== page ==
By Nina Mandell
DNAinfo Reporter / Producer
MANHATTAN — An elite search and rescue team from New York City’s police and fire departments left Thursday night for Haiti to assist the rescue efforts after Tuesday’s devastating earthquake, Mayor Michael Bloomberg announced.
“President Obama asked for our assistance and we are answering his call to respond to the unimaginably tragic events in Haiti by sending the best — our specially trained joint task force of New York City police officers and firefighters,” he said in a statement.
The team, New York Task Force One, is managed by the city’s Office of Emergency Management. It is trained to respond to catastrophes involving the collapse of heavy steel and concrete, and specializes in urban search and rescue.
They join thousands of rescuers from around the world that descended on Haiti this week to assist in the earthquake, which killed up to 50,000 people and has affected as many as 3 million people, according to the latest estimates.
Getting rescuers into Haiti has been one of the biggest challenges for the rescue efforts. Military specialists reestablished communications at the Port-au-Prince airport, but a lack of fuel and a crammed tarmac prompted the Haitian government to halt incoming flights. Teams managed to get one runway operational, but it can only handle four airplanes at a time, according to the Wall Street Journal.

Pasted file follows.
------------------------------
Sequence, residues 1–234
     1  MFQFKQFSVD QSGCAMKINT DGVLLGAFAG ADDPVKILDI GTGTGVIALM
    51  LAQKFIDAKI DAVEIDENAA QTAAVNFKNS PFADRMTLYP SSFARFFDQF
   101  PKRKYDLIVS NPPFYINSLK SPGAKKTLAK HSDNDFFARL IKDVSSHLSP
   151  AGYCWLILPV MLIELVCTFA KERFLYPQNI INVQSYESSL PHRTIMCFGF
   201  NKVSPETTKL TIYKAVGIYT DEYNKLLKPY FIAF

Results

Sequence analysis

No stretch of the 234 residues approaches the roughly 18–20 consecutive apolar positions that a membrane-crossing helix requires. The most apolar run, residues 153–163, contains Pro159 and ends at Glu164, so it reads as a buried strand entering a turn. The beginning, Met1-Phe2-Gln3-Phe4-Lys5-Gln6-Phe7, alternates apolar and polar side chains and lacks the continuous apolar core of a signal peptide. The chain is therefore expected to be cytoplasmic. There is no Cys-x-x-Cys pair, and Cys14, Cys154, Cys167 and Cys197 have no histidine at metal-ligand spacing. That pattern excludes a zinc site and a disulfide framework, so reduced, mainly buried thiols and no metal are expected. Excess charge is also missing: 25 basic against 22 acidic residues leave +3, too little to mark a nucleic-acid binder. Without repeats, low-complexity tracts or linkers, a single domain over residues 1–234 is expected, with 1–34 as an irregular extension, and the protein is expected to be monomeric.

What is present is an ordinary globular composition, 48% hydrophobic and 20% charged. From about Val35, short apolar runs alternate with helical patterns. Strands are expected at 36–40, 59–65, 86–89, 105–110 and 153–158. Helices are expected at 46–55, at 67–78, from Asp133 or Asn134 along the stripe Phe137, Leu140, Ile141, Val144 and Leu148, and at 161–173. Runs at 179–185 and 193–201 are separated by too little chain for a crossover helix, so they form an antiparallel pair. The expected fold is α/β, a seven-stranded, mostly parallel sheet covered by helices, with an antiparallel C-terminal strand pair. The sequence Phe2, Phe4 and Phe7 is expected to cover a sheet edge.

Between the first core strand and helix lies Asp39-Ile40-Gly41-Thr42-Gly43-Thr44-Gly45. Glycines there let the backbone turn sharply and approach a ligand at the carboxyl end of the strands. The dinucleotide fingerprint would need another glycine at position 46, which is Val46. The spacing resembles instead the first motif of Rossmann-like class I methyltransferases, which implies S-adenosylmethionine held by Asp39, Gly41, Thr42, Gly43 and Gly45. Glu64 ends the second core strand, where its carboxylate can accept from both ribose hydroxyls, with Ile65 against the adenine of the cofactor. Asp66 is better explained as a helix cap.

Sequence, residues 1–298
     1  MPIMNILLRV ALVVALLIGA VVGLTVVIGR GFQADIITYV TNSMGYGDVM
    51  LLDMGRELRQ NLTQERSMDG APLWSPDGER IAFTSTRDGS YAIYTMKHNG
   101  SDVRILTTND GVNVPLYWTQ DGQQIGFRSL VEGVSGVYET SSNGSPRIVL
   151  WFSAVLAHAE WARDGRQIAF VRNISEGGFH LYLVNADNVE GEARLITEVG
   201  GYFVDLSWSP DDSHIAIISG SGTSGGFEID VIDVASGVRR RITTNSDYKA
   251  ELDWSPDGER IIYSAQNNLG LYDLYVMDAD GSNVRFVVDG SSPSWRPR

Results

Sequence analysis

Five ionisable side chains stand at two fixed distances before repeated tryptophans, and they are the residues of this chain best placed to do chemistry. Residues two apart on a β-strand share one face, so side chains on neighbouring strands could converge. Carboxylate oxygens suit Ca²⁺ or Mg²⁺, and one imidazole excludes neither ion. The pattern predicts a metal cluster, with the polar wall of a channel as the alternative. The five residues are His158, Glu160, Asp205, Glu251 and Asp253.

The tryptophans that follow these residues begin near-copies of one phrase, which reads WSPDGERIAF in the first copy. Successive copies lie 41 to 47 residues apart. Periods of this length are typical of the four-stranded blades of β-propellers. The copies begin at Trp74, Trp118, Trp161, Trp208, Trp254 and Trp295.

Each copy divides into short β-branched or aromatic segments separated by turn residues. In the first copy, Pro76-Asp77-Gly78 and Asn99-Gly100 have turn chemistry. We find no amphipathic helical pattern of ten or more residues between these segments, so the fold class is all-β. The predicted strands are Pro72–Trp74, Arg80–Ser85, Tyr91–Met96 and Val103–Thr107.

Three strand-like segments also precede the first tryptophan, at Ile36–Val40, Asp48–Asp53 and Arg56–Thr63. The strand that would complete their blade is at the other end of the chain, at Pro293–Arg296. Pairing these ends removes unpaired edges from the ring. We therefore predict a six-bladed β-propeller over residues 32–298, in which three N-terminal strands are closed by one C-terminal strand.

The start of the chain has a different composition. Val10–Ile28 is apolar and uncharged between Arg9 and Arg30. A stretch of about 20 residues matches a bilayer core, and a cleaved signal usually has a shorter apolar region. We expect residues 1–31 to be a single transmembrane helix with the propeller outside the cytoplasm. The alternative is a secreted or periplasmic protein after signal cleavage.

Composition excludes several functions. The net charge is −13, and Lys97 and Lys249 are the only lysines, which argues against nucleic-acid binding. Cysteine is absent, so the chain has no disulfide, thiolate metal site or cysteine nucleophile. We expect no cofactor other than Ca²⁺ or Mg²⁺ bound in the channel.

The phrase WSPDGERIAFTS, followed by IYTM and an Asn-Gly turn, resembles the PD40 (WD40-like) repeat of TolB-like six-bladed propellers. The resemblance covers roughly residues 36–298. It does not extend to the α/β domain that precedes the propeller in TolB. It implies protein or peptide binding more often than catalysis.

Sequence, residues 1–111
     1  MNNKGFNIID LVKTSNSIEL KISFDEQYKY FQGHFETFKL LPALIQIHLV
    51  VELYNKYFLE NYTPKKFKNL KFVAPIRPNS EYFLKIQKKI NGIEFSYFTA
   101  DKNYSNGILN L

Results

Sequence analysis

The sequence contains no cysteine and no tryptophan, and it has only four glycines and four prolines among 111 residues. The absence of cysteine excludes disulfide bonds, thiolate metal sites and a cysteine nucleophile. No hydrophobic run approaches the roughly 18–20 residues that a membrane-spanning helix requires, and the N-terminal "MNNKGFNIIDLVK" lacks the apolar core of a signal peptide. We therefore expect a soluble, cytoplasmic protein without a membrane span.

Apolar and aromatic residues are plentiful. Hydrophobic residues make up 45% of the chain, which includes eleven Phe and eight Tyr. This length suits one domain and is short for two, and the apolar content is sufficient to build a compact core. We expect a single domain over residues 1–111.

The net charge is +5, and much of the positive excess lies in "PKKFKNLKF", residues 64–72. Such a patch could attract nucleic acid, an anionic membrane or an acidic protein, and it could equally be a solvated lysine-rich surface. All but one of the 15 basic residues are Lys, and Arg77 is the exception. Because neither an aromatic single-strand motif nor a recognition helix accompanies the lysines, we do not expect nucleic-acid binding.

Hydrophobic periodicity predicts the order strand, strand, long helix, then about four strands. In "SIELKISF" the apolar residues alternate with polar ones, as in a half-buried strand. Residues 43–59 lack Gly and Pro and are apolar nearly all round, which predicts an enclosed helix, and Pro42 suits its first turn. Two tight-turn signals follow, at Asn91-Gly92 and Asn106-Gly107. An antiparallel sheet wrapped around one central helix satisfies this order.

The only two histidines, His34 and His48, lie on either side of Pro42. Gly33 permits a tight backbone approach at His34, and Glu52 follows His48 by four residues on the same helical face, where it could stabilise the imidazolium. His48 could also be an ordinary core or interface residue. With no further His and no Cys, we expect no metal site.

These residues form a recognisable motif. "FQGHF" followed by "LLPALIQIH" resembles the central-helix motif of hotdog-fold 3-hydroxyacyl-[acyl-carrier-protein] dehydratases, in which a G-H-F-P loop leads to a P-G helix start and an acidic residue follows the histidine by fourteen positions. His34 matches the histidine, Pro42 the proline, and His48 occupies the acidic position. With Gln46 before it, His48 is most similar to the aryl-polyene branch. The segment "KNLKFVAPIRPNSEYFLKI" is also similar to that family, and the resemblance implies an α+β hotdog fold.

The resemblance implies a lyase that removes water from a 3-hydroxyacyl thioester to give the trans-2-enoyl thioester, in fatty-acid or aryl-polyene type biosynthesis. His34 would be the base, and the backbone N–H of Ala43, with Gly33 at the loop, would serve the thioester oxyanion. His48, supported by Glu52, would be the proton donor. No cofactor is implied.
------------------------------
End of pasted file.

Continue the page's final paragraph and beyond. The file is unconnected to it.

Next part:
The quake also caused the main port in Port-au-Prince to collapse, making it difficult for ships carrying supplies to dock.
In New York, news of relatives and friends began to trickle in. Two NYU students, Nathalie Pierre and Greg Childs, were found safe in Haiti.
"The University is very grateful for all the assistance we received from the State Department and other government agencies and elected officials,” NYU said in a statement. “We're overjoyed to know they are coming home, safe and sound. This is a very happy ending to this story."
Meanwhile, Gov. David Paterson's office has established an online registry of New York State residents who were in Haiti at the time of the earthquake. The Web-based application and a toll-free hotline will be activated at noon Friday.
“Collecting information now about New York citizens in Haiti will help locate them once information becomes available,” Paterson said in a statement.
Also, City Council Speaker Christine Quinn and Bloomberg announced that city employees will be able to set aside part of their paychecks to aid in the Haitian disaster relief efforts.
The Mayor’s Fund to Advance New York City will ensure contributions through the program are directed to reputable organizations that are providing relief in Haiti.